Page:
2022-07-24, 16:00–17:30, Envelope ✉️
Do we want social media platforms that provide neutral platform for pluralistic debate, or do we want social media platforms that protect their users from abuse and de-platform abusers? Can we have both? Is moderation censorship? Is Signal social media?
The debate about how to deal with abusers and fascists on social media has been simmering for a long while, but really blew up after the siege of the US Capitol. It has become clear, finally, that something needs to be done. What remains unclear is... what?
This workshop will probably not offer answers, but will at least try to make sense of that debate. A debate which is tangled and twisted, and complicated by the fact that for some (like journalists) social media is the infrastructure they need to do their work and reach their audience, while for others (like activists) it's the service they use to communicate among themselves.
Combine this with how strong the incentives are for centralized social media monopolies to not "police content" (lest they be accused of censorship), and how their algorithms tend to promote most-clickable (and therefore often extremist) content, and you find yourself in a discussion where journalists defend Nazis' access to Facebook.
There is plenty to unwrap there, so let's sit down and try to do just that together. Things that seem important (of course we will not limit our discussion to only these!) would be:
Is social media infrastructure, or service?
If it's infrastructure, we want it to be neutral (just like we want our ISPs not to police our bits on the wire). If it's a service, perhaps we want some moderation to happen?
Perhaps it needs to be both – a neutral infrastructure on which opinionated services can be built? This would immediately simplify this conversation, making it clear where moderation belongs, and where it doesn't.
Giving platform vs. providing tools
There is a difference between giving platform and just providing communication tools. It is hard to argue Facebook not banning a prolific fascist does provide them with a platform. It is as hard to argue that Signal doing same does not.
This difference seems to disappear in a lot of discussions; for example, when some propose that mainstream social media should ban fascists, others claim that it doesn't matter since they will still be able to communicate on Gab or Parler.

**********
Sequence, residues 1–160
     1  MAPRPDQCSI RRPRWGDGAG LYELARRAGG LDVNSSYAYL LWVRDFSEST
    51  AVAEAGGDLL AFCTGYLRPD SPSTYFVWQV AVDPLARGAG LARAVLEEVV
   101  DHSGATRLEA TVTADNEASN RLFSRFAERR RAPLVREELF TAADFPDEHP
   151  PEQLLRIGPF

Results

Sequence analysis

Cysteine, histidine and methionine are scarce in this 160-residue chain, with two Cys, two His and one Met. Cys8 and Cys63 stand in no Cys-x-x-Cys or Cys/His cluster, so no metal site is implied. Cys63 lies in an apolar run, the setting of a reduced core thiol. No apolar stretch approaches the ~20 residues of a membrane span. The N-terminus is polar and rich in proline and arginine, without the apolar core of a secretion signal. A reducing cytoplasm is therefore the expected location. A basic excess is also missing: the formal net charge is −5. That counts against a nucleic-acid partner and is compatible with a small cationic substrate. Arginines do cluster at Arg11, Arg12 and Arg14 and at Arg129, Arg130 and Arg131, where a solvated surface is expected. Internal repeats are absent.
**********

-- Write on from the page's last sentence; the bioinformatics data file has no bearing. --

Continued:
However, neither Gab nor Parler has the reach of mainstream social media. Effectively, this leaves their users stewing in their own sauce, not able to radicalize anyone new. They can still communicate and organize, but adding new members comes with added friction. So, how important is that friction? How much difference does it make?
Public vs. private channels of communication
A public Twitter profile with 50k followers is clearly a public channel. A Signal group of 10 people is clearly a private channel. Should a 50k-member Signal group considered private or public?
This question is relevant in the context of platform vs. tools distinction above. It's another way of asking: what is, really, the difference between a platform and an internal communication tool?
Signal has already added several "social" features (message reactions, and being able to join groups by clicking a link). Is keeping the groups invite-only on an encrypted platform enough for them to not be considered a "public" channel? If not, should Signal start moderating groups?..
What about closed Facebook groups – can these be considered private channels? If so, can they be ignored by Facebook moderators?
Christopher is a journalist and technologist, currently leading the technology research and building at Duke University’s Reporters’ Lab, while being based out of Brooklyn, NY. His main focus is on automating fact checking, developing data standards for the same, and supporting the efforts of misinformation and disinformation journalists around the world.
Previously Christopher has worked on organized crime investigative reporting in Eastern Europe, consulted with global south central banks on anti-money laundering policies, founded start ups in New York City and has worked as a photojournalist in East Africa.
James has worked in web technologies since the early 2000s. He has experience across industries including pharmaceuticals, government, oil, and consumer advertising and in that time has been a developer, designer, user experience architect, dev-ops engineer, data analyst, experience design innovator, digital strategist, and more. For several years he managed teams at multiple offices across multiple cities in the eastern United States as the technology director. Today he freelances as a web developer and digital strategist. James was also a nuclear electronics technician in the US Navy and spent time as a Jesuit while exploring a religious vocation.
James is a Gopher evangelist and operates a public-access *nix system called Cosmic Voyage. It is an open community for amateur writers to share in a semi-collaborative science fiction universe while exploring command line skills. He is one of the operators of the Tildeverse, a collective of like-minded "tilde" servers in the style of Paul Ford's tilde club. You can find him all over the web and in IRC.
Information Security ISNIC, the .is DNS registry. Co-founder of the Technical Error Correction Collective. Tech, policy, and activism background. Previously Chief Information Security Officer / Head of INfrastructure at OCCRP.
Co-operated with a number of EU-based organisations working in the digital human rights area and participated in a bunch of Internet governance meetings. Main policy interests: information security, privacy in the digital age, Internet governance (including censorship, surveillance, Net Neutrality), copyright reform, digital media literacy.